• They were scrapping 14% of total labels ordered on average per year.
  • Approximately 3.33% of total labels ordered are scrapped due to admin error / mistakes on the label (29% of total scrap).

Objective of this Lean project

  • Reduce label completion time from 45 days to under 30 days.  This would represent a reduction of 35%.
  • Reduce avoidable / administration errors, annual label scrappage costs from an average of 3.33% to 2%.

In identifying and trying to find a solution to a particular problem, we use the 8 Step Problem-Solving Process (outlined above in Case Study 1).  In this case study, we wanted to ensure that everyone understood all aspects of the problem, including who was responsible for each step, and what resources they would need.

On an ongoing basis, the business monitored their process closely to ensure that all steps were being completed effectively and on time. Finally, they kept track of what has been eliminated through waste reduction, and created new targets for areas that could use improvement or reductions in future cycles.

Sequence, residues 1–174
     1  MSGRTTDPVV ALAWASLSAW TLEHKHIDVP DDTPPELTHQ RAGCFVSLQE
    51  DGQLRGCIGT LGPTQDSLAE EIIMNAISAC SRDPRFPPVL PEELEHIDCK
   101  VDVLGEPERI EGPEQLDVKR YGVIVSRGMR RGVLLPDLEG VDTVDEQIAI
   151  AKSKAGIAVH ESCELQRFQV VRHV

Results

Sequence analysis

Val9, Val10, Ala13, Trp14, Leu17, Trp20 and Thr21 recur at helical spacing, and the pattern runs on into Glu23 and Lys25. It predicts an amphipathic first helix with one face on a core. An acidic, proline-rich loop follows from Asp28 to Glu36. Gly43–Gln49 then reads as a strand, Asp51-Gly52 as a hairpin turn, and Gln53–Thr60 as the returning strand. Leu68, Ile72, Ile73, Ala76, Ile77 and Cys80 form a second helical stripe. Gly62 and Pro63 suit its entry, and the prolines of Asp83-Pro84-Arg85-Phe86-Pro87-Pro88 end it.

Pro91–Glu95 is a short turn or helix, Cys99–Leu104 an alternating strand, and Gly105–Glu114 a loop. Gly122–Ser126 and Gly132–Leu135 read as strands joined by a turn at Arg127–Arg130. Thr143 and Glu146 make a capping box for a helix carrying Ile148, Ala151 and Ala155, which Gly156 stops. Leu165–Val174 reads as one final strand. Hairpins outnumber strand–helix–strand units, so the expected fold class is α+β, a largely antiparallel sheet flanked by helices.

Barclay Chemicals Labels

Key Actions

Next, we ran a Kaizen event with the company.  Consequently, this identified the issues causing the LST to be unfit for its purpose.  This enabled all team members to have an equal opportunity to voice their opinion.  Certainly, this worked very well as they generated a total of 33 issues in 5 minutes.

Following this event, we held a team meeting to plot the issues on to an Impact/Ease Chart.  This helped us identify all of the issues associated with the Label Status Table.  Then, they were able to focus on the most relevant issues and come up with countermeasures.